Will you please tell me the name and address that I should write to, in order to subscribe to OTHER TIMES as reviewed by L. Per Gjorn, on page 50 of the 19th issue of Rhodomagnetic Digest. This seems to be the Magazine that has everything that appeals to me. Wonder wy it izn't publushed in the yeast coast.

65 Canal Street
Port Jervis, New York


The magazine looks excellent. I was surprised to see my little note published as a separate article. (I'm referring to "The Cliche: Interim"); I didn't think it that important. I think the article itself is much more effective when you print big portions of it at one time - as you did a couple of months ago - instead of chopping it up into little bits - as you did the first couple of installments. Formerly I didn't hold this view - as when I wrote you to split it up as you wished - but I certainly do now.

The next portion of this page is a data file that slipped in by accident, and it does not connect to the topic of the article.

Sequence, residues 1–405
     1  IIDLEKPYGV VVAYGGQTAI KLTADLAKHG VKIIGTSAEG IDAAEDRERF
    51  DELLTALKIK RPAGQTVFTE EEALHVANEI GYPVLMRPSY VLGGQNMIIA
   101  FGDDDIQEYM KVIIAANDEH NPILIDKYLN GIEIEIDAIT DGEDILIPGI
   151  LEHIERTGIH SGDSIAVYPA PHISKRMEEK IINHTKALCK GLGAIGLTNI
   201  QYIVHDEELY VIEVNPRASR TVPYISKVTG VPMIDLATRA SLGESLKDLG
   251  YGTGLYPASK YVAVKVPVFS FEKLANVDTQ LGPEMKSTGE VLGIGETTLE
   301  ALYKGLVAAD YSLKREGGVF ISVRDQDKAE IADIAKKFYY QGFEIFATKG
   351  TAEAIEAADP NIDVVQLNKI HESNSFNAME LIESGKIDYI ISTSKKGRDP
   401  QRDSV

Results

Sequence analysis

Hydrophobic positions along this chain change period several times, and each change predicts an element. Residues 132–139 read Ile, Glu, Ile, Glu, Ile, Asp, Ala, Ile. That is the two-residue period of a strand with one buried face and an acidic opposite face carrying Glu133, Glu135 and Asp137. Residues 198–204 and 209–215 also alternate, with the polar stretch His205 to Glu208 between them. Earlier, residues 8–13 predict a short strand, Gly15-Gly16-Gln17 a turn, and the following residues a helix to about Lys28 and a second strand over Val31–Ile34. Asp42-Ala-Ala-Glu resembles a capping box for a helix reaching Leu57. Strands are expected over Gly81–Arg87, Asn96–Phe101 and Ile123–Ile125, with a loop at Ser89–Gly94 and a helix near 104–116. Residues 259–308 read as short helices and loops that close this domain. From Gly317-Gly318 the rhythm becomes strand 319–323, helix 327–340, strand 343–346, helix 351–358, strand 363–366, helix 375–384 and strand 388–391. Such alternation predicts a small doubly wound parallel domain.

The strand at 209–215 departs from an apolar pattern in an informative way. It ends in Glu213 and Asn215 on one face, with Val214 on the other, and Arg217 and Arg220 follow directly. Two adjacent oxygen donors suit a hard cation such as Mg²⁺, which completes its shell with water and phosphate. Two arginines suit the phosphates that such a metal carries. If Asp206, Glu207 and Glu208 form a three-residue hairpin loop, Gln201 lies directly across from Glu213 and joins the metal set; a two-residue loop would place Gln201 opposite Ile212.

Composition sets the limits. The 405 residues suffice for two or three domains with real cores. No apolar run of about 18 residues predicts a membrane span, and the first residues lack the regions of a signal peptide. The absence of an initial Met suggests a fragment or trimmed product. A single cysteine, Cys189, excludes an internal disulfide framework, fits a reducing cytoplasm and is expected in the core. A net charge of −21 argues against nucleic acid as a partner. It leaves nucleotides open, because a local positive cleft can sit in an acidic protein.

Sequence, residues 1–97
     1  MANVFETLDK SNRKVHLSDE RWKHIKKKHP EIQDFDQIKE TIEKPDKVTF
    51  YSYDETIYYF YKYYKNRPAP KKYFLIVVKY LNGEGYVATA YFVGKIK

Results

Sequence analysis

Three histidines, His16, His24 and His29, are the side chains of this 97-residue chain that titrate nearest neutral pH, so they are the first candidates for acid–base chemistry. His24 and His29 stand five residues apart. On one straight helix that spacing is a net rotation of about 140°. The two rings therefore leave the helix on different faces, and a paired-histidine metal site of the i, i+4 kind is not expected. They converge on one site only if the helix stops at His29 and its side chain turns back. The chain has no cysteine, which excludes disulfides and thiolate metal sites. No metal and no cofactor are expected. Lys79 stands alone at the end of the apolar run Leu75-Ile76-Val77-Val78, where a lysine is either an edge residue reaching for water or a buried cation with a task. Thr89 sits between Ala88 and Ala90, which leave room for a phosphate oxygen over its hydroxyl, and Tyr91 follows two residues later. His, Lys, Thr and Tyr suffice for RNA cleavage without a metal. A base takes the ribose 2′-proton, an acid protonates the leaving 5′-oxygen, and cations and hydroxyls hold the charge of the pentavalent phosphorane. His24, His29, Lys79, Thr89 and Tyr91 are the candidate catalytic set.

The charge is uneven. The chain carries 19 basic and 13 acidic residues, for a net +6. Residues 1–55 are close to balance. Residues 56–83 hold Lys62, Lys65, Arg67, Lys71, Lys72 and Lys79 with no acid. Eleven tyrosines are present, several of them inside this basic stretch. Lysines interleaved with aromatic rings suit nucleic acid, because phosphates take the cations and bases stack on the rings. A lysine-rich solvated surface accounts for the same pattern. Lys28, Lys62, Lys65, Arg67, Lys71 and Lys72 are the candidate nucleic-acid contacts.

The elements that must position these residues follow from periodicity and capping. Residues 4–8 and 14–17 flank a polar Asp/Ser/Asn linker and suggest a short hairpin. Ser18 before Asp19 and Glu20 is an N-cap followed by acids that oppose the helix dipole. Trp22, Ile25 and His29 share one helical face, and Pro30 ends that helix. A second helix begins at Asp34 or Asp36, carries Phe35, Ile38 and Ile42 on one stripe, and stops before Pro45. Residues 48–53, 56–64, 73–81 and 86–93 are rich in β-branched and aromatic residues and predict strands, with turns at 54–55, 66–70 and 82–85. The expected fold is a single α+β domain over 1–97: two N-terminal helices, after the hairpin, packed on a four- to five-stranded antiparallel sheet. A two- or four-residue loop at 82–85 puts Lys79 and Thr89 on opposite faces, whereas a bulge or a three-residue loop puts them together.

Right now I'm doing an article for Roy Squires of S.F. Advertiser - this one is not part of the "lecture" series - after which I'll do at least two more for the Digest. (These articles will be the ones on Fort & Einstein - some combo, huh? -- for more details see that issue of the Digest in which the "lecture" course was listed; I intend to follow this schedule right down the line).

1917 Midvale
Los Angeles, Calif.

Data entry and page scans provided by Judy Bemis

Data entry by Judy Bemis